Biosimilars play a crucial role, created to expand access for patients unable to obtain certain biological medicines, as they replicate their biologic counterparts. Meanwhile, biologics, derived from living organisms and cells, are primarily used in the treatment of severe life-threatening diseases. A Biosimilar is defined as a biologic that has no clinical variances in terms of safety, purity, and potency (safety and effectiveness) compared to an existing approved biologic, known as a reference product. A reference product is a biologic that has been approved in a stand-alone application to demonstrate the product’s safety and effectiveness for each of the indications being sought by the manufacturer.

Biosimilars undergo evaluation for approval based on evidence presented by the manufacturer. FDA’s review involves thorough structural and functional comparisons of the Biosimilar with the reference product. Given the inherent variability in biologics manufacturing, FDA review also includes an evaluation of the manufacturer’s approach to managing the variation between different batches.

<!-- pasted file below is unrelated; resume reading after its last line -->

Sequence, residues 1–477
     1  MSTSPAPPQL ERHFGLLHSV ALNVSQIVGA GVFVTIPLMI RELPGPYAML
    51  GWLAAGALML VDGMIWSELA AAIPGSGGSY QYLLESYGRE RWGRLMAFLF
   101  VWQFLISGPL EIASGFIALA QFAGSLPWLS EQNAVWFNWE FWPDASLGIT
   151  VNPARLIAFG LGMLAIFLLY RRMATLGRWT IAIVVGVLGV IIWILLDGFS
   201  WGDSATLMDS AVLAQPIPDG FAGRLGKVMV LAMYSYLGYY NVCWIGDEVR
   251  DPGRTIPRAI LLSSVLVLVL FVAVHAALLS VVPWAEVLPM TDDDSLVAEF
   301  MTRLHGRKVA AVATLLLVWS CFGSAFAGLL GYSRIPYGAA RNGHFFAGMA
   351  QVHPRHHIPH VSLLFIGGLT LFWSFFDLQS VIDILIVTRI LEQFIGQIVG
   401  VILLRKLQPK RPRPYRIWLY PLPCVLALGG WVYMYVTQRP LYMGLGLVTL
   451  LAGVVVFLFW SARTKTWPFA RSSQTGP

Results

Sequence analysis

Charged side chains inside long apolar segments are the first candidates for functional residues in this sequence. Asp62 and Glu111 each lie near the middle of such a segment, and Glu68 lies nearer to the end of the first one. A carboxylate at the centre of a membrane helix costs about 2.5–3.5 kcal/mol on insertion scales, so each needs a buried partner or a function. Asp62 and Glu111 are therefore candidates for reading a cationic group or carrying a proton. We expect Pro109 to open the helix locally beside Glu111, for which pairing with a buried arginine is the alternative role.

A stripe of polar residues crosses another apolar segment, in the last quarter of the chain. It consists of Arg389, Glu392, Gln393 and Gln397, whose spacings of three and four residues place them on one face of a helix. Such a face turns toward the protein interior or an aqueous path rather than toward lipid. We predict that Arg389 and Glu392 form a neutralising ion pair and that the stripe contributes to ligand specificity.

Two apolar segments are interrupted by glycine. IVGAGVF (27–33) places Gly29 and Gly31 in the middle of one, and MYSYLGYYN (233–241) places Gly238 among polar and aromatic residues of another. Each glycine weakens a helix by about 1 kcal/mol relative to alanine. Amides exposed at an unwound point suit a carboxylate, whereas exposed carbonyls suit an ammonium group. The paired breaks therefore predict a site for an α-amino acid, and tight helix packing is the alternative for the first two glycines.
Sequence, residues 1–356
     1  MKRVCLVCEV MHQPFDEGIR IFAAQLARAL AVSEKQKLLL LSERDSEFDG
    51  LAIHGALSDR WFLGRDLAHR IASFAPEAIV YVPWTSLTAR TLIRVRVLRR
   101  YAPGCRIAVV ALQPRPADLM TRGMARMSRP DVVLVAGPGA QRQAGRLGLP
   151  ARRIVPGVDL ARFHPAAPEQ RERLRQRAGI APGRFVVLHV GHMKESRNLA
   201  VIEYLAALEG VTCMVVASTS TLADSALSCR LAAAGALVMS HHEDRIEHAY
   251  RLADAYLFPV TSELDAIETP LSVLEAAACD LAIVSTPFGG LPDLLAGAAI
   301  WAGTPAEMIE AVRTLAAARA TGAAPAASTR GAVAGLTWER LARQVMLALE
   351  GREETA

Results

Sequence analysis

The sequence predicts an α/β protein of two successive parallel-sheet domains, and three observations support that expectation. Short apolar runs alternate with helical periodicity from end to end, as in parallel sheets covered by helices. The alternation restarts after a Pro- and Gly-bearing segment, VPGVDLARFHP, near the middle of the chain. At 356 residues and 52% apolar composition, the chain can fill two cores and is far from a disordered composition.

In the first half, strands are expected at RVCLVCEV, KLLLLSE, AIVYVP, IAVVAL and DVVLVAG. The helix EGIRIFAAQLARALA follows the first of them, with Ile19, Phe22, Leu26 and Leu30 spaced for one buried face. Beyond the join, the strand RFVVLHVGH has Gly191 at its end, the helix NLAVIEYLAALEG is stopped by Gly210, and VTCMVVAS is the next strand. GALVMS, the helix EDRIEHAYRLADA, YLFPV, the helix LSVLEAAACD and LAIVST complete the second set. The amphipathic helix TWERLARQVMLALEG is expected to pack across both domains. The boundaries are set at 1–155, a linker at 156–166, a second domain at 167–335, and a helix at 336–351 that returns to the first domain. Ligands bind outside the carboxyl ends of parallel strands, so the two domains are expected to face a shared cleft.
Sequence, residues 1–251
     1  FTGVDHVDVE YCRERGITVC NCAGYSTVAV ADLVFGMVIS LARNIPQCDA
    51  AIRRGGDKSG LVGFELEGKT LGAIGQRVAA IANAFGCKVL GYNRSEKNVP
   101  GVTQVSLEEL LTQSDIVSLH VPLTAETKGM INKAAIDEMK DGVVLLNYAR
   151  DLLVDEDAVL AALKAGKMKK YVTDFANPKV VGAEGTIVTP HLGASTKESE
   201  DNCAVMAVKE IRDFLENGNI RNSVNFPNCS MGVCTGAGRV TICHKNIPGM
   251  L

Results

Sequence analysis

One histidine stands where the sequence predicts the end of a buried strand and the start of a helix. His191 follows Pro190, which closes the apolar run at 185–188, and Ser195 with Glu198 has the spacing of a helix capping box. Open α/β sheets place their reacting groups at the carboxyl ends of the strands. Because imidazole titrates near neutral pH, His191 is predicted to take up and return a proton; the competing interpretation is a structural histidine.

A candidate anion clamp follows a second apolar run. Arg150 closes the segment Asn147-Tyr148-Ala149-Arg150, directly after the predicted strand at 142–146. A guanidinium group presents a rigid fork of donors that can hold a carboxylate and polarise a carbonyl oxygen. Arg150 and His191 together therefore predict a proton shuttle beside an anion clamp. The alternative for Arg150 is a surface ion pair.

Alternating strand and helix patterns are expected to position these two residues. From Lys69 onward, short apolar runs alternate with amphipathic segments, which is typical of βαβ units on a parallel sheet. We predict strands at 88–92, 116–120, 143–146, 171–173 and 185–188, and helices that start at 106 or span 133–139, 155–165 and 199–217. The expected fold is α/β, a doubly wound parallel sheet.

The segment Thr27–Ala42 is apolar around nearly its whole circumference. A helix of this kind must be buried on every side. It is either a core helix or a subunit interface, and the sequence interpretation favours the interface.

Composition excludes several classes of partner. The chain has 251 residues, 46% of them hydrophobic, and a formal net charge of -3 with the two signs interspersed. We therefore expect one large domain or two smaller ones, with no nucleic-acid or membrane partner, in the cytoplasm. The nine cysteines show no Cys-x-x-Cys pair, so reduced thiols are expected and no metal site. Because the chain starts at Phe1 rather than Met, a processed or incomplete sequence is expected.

The Purple Book Database contains information on all FDA-licensed (approved) biological products overseen by the Center for Drug Evaluation and Research (CDER), including licensed biosimilar and interchangeable products alongside their reference products. It also includes data on all FDA-licensed allergenic, hematologic, vaccine, and cellular/ gene therapy products regulated by the Center for Biologics Evaluation and Research (CBER).

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